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Robert Lansdorp
and the Champion's Mind

Pete Sampras with Peter Bodo

Printable Version

Taking lessons from Robert Lansdorp put me in the thick of Southern California tennis.

Editor's Note: This exclusive excerpt from Pete Sampras's new autobiography tells the story of Robert Lansdorp's early and lasting influence on Pete's game starting when the Sampras family moved from Maryland to Palos Verdes California in 1978.

Shortly after we got to Palos Verdes, we found out that it was a tennis-rich environment. The Jack Kramer Club, which had been instrumental in developing so many fine players (including Tracy Austin), was nearby in Rolling Hills. And then there was West End, where I began taking lessons from one of the all-time great coaches, Robert Lansdorp.

I was a shy, introverted kid, but if you “took” from Lansdorp, you were right in the thick of things and a lot of people checked you out. It seems weird now, but we were told shortly after I started working on my game that I was going to be a great tennis player. Almost immediately, people were comparing me to guys like Eliot Teltscher, saying I was as good at fourteen as Eliot, a prodigy, had been at sixteen. (He went on to have a great pro career, becoming a perennial world-top-ten performer.)




Robert laid the foundation of my ground game.

By the time I reached my teens, I assumed that I was going to win Wimbledon and the U.S. Open, which was a real reach. A lot of kids are told they’re great, believe it, work toward it—and eventually fall by the wayside. They may not have the right temperament or long-term physical assets; they might not be able to handle the expectations, they may have insurmountable flaws in their technique, their dedication, or approach to their career. The idea that none of the things that could go wrong would go wrong is borderline preposterous—except when it isn’t.

But maybe the assumption that I was going to be as great as everyone suggested helped me become what I am. Deep down, I knew. I had that confidence. The amazing thing is that nothing happened to break it, tone it down, or take it away—and I went through a lot that could have robbed me of that sense of destiny.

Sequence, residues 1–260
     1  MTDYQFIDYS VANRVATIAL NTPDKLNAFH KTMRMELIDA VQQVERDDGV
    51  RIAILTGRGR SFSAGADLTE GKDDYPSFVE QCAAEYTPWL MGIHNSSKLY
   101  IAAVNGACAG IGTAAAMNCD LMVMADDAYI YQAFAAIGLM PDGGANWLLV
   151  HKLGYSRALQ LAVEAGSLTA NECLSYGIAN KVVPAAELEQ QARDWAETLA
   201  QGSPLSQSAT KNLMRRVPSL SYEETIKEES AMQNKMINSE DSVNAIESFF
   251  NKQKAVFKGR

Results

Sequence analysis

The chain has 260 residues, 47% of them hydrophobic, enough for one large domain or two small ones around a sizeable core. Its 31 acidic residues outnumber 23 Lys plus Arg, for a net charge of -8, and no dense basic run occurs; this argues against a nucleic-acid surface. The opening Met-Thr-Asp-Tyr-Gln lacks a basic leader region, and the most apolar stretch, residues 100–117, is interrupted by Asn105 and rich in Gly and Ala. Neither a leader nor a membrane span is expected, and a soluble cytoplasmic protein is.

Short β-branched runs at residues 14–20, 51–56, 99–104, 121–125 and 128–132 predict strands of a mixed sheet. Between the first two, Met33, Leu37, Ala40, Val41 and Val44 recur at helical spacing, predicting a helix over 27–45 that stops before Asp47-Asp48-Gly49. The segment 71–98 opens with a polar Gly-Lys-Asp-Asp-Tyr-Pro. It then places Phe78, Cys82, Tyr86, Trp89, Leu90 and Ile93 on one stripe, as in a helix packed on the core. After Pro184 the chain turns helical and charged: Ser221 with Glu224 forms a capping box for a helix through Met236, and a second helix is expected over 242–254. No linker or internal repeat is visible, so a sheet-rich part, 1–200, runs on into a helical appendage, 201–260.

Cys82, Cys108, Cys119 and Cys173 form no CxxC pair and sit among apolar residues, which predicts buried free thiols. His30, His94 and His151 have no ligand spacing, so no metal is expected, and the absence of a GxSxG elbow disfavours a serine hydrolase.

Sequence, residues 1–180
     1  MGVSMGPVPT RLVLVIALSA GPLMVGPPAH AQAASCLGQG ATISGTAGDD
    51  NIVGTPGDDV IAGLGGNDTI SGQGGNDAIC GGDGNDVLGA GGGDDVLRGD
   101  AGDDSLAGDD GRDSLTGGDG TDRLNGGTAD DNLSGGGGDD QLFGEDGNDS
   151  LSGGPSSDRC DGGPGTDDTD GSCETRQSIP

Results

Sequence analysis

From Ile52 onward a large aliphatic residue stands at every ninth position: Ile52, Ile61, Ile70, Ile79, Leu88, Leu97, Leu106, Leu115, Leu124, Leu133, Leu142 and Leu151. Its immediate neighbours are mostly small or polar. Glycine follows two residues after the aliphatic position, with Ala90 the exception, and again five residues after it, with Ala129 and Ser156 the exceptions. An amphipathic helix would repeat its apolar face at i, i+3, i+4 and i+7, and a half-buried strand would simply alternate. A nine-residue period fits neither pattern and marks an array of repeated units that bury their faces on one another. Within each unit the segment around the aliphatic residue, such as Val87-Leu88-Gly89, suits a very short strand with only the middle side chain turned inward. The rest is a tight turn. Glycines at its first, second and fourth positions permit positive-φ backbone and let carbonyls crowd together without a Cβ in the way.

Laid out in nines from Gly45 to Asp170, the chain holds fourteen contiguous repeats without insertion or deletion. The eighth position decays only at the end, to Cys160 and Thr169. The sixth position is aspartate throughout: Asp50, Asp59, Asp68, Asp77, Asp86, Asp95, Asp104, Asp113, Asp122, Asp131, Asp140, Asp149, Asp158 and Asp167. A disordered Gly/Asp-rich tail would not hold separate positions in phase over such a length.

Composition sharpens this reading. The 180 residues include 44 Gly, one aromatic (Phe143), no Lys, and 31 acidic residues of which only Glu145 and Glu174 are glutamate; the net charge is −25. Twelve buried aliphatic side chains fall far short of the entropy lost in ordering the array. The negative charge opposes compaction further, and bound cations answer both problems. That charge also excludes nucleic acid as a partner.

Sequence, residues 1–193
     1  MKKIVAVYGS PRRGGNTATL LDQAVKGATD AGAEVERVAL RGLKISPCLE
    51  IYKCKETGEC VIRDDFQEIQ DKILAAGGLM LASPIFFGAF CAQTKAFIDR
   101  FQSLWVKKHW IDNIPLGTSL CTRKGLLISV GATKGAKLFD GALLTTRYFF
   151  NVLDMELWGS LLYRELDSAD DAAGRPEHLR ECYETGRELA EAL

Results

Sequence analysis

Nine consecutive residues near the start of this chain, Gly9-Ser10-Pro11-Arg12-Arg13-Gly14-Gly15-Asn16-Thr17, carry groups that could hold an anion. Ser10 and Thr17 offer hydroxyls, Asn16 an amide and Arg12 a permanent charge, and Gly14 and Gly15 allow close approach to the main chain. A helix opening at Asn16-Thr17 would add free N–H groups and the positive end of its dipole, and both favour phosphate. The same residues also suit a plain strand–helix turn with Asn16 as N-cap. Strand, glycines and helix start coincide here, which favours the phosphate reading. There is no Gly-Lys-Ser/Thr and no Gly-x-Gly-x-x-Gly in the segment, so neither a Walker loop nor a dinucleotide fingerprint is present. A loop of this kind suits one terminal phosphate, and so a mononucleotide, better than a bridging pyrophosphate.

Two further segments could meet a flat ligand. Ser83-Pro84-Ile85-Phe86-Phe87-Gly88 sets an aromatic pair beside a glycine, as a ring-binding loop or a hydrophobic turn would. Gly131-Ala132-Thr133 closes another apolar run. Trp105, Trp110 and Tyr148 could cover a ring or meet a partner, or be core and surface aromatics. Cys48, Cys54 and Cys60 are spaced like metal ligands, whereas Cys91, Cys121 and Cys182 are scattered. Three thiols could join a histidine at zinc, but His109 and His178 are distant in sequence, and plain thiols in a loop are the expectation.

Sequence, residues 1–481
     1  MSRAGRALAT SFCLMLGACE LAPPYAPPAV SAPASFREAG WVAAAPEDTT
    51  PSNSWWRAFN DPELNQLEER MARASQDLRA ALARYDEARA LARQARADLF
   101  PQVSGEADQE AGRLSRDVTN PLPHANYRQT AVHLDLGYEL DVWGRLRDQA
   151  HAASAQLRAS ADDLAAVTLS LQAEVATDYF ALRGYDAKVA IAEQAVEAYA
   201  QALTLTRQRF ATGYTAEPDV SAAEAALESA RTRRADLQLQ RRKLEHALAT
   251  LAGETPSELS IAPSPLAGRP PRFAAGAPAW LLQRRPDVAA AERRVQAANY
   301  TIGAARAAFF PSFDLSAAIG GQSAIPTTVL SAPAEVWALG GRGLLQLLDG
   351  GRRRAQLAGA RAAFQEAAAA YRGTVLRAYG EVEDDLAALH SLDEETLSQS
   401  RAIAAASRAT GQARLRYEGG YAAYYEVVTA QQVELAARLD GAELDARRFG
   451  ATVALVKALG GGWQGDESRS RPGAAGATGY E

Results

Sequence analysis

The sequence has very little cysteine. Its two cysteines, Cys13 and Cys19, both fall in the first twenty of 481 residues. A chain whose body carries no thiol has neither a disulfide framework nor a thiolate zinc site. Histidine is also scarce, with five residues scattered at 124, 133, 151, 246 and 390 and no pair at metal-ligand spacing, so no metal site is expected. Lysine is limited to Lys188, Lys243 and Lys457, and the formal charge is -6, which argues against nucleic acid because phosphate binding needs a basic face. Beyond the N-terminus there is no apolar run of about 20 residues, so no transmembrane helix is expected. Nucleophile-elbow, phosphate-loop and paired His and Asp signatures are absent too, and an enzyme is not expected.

The foundations of my ground game were laid by Lansdorp. He’s an icon in Southern California tennis circles, legendary for his no-nonsense drill sergeant approach. His fingerprints were, and still are, all over some of the best ground strokes in the game. Almost all Lansdorp protégés developed huge forehands. He teaches a fairly flat, clean, economical stroke, and he was especially good with girls, including Tracy Austin, Lindsay Davenport, Melissa Gurney, and Stephanie Rehe, all of whom were junior sensations and, to varying degrees, successful pros. Robert’s best male player, until he started to work with me, was Eliot Teltscher. Ironically, Eliot became better known for his powerful backhand, and that’s what I meant when I said that every player has natural tendencies that prefigure how he would turn out, style wise.

Robert was a good guy who already had great credentials when we met. Robert comes across as very tough; he’s certainly outspoken and brutally honest. If he didn’t care for you, he didn’t hide it. Those qualities hurt him, but he was kind of a loner who always insisted on doing his own thing his own way.

I was a hard worker as a kid, and I respected Robert. He intimidated me. He’s a big guy with huge hands and a very gruff manner. My lessons were on Thursdays, and I remember being in school and feeling kind of nervous, looking at the clock, because I had Robert from 3 p.m. until 4, and as much as I liked taking lessons from Lansdorp, I also couldn’t wait until they were over.

A genius for feeding balls.

When I started playing, it was still the wooden-racket era, and Robert taught me to hit properly. A few years later, technology would transform the basic tennis racket, and eventually it would be easier for everyone to develop a weapon. But I shaped mine the hard way. Some of the things we did were very basic. Robert would open his racket cover—back then, it was just a soft, zippered vinyl case that covered the racket head down to the throat—put his keys inside of it, and close it back up on the head of the racket. (Robert always had about forty keys, so his key ring was heavy as an anvil.) Then I would practice the forehand stroke with the weighted racket. For a little kid, that was tough, but it taught me to drive through the ball. With Robert, it was all about the sweet spot and driving through the ball.